U.S. Bank to cut thousands of branch workers in digital push
U.S. Bancorp is eliminating thousands of branch workers as it adjusts to changing customer preferences, according to a person briefed on the decision.
The cuts will be in the low thousands, the person said, asking not to be identified because the number isn't public. In a memo seen by Bloomberg, Chief Executive Andy Cecere said U.S. Bancorp "made the difficult decision to eliminate their jobs because customer behaviors have changed." The total represents less than 2% of the bank's workforce, according to spokeswoman Molly Snyder. The company had 74,000 workers as of Oct. 16.
Reductions are being made across the firm. Some job categories, including teller coordinator and assistant branch manager, are being eliminated or will have headcount greatly reduced. None of U.S. Bank's roughly 3,700 branches will be closed as part of the moves, according to Snyder, who confirmed the contents of Cecere's memo and declined to comment on the number of cuts.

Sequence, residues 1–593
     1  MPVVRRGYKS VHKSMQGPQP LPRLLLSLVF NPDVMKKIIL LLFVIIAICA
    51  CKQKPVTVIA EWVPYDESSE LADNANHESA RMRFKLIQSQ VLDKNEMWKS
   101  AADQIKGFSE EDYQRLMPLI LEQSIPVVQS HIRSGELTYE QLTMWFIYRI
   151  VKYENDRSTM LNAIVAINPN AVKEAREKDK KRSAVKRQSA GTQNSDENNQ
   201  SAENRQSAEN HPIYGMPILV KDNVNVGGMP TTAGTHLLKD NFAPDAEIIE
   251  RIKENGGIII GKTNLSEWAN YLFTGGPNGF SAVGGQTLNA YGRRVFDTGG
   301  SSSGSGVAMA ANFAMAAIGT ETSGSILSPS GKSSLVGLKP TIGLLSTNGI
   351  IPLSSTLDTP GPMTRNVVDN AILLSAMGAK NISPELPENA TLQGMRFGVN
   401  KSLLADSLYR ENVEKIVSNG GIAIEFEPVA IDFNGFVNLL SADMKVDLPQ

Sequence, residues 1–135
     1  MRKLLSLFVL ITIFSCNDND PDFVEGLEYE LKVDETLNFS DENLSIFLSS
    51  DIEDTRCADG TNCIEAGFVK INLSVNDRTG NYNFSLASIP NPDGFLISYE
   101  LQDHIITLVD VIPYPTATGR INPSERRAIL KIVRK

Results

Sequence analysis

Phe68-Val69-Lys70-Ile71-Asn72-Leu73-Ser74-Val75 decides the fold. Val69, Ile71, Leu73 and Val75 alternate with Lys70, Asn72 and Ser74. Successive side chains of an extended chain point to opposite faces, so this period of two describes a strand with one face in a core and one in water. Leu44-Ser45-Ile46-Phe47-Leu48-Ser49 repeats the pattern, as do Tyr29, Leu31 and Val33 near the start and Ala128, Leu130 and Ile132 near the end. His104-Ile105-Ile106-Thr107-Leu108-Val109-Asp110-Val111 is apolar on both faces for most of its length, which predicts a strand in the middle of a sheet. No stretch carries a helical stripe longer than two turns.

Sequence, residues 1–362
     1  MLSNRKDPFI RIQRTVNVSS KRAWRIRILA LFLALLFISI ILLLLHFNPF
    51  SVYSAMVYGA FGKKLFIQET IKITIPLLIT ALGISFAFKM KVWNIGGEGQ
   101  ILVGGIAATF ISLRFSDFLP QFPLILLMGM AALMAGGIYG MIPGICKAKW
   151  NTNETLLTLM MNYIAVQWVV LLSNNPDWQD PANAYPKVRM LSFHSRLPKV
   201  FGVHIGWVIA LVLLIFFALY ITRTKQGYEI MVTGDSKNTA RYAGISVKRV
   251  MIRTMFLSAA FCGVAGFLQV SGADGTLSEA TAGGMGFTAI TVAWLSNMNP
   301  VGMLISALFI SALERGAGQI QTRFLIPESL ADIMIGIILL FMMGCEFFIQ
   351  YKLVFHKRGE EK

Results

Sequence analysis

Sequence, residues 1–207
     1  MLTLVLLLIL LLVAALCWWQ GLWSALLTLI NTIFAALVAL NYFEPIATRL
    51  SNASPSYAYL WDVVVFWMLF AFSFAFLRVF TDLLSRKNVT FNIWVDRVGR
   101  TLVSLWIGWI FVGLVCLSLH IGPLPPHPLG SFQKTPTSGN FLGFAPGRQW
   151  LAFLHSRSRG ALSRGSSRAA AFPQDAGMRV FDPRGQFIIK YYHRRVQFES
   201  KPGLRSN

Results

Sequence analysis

The Minneapolis-based firm will also create some new customer-focused positions and launch a training program so existing employees can widen their skill sets, the memo said. Snyder said the firm will begin hiring client-relationship consultants and business-banking development consultants among other new roles to work in the branches.
Banks have for years been reassessing the role of branches in their strategies as customers increasingly handle their finances online. U.S. Bancorp has said it plans to lean heavily on digital offerings and enter new markets with a "branch-light concept." Earlier this year, the firm hired Derek White from Banco Bilbao Vizcaya Argentaria SA as chief digital officer to boost innovation.
A McKinsey & Co. study released Monday said banks are heading "into an arms race on technology" as new competitors like fintech startups try to take market share. Financial services incumbents need to take dramatic action to fund innovation, or risk being left behind, the report says. Banks allocate just 35% of their information technology budgets to innovation, while fintechs spend more than 70%, McKinsey said.